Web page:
They found ready helpers in the German dwarf despots, who now tried in their own way to kick against the pricks of the French revolution. In particular the ecclesiastical princes of the Rhineland, contrary to all international law, permitted the mob of emigrés that had fled from the revolution in France, to arm on German soil for a war against those who had expelled them. Even if these preparations were not dangerous, they still outraged French national feeling, all the more since the French King, and particularly the Queen, who was an Austrian Princess , tried through unpatriotic intrigues to incite foreign powers to an armed attack on France. So when, in the summer of 1791, the royal pair even made an unsuccessful attempt to escape, an elemental wave of agitation broke out in France. It was assumed, not incorrectly, that the King had intended to return to France at the head of a foreign army and restore the absolute monarchy. From then on he had to suffer the most painful humiliations.
Thus the great powers in Germany were mobilized, in their front rank the German Emperor, Leopold II, a brother of the French Queen. There was King Frederick William II of Prussia, too, who had at first flirted with the French revolution, and even formed secret links with the democratic party of the National Assembly through his ambassador in Paris – not out of enthusiasm for the aims of the revolution, but out of jealous and malicious pleasure at the misfortunes of the French monarchy, in the attempt to bring the pot of Hohenzollern dynastic policy to the boil on the fire of the revolution. But as soon as he saw that this fire permitted no liberties to be taken, he fell into the opposite mood and played the knight-errant, riding out with his rusty lance against the revolutionary dragon. Nevertheless, all the sabre-rattling with which the Austrian Emperor and the Prussian King entertained themselves had as yet no very serious intent. But now the lust for war also grew in the Paris National Assembly, which had been newly elected in the autumn of 1791 and was dominated by the Girondins, a republican bourgeois party whose main base was the trading towns of South Western France and which was very dissatisfied with the growing authority of the Parisian Jacobins. They stoked up the warlike mood that the German challenge had aroused in the French nation with the intention and hope of directing the most active elements of the petty-bourgeois and proletarian population away from the hot-bed of revolution into the war, and thus of getting rid of them. On March 1, 1792, they forced the King to declare war on the German Emperor.
The ultimate responsibility for the war lay neither upon the one side nor upon the other; the deepest origins of the revolutionary wars were rooted in the fact that a bourgeois and a feudal Europe could not exist side by side without at some time or another, for one reason or another, getting getting at cross purposes. As long as only the French monarchy was threatened, the other monarchies, above all the Prussian, looked on their hated rival’s difficulties with a certain malicious pleasure. But the ‘reactionary mass’ of them started to come together when the painful humiliations that the French King suffered because of his unpatriotic activities pointed to a danger that threatened all European thrones. At first the feudal powers had overwhelming superiority on their side, but, historically outmoded and rotten as they were, they were much too consumed by mutual hatred and envy to be able to close ranks and march against the common enemy. They were more interested in securing their share of the spoils of victory than in victory itself. They wanted to divide the bearskin among themselves before they had even killed the bear; so Prussia and Austria watched each other, growling softly like two suspicious carnivores, when, in July, they set about their first joint assault on revolutionary France.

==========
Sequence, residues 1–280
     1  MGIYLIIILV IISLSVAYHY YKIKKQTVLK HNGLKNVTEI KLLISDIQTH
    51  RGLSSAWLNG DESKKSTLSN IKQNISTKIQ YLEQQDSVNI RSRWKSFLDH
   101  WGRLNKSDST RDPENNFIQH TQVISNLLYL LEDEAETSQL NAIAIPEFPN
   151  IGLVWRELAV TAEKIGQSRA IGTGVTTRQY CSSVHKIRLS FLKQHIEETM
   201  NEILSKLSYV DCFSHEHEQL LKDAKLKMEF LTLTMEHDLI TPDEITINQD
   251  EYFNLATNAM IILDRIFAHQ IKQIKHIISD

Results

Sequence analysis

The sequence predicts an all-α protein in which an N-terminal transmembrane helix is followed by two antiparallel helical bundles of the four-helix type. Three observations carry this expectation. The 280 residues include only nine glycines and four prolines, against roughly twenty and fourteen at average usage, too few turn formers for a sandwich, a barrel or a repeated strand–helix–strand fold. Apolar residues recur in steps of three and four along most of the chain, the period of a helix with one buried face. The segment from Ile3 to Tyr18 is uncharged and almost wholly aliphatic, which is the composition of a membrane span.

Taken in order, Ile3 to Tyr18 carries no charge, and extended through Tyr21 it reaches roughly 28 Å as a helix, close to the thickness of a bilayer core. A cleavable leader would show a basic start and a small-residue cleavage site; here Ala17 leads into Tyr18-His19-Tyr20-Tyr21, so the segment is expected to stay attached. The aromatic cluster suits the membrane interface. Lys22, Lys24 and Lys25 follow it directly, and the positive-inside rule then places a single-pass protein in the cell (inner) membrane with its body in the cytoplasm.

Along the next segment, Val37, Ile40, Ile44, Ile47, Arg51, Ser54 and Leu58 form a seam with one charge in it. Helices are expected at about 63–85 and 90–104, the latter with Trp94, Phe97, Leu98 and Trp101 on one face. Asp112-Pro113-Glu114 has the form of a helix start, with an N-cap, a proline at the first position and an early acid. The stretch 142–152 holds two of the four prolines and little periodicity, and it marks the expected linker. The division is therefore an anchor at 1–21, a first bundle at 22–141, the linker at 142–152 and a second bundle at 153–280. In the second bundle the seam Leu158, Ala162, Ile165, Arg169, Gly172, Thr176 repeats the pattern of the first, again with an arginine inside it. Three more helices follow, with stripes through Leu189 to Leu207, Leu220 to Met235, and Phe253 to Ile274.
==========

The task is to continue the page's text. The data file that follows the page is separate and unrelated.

This was immediately revealed for the wretched feudal adventure which it was when the Prussian army commander, the Duke of Brunswick, issued a war manifesto that promised to raze Paris to the ground. This brazen threat aroused a storm in the French nation down to the last man. In Strasburg the immortal strains of the Marseillaise rang out for the first time, calling all citizens to arms; before the Prussian army had reached the frontier of France, the French Monarchy was abolished on August 10, 1792, and the King and his family imprisoned. The Prussian army did actually penetrate into France, but hesitated and turned away when, at Valmy, it met forces able to offer serious resistance, although it was still far superior to them. It lost half its men to the deep mud of Champagne, to the harsh autumn weather and epidemics before it arrived back on the Rhine in complete disorganization.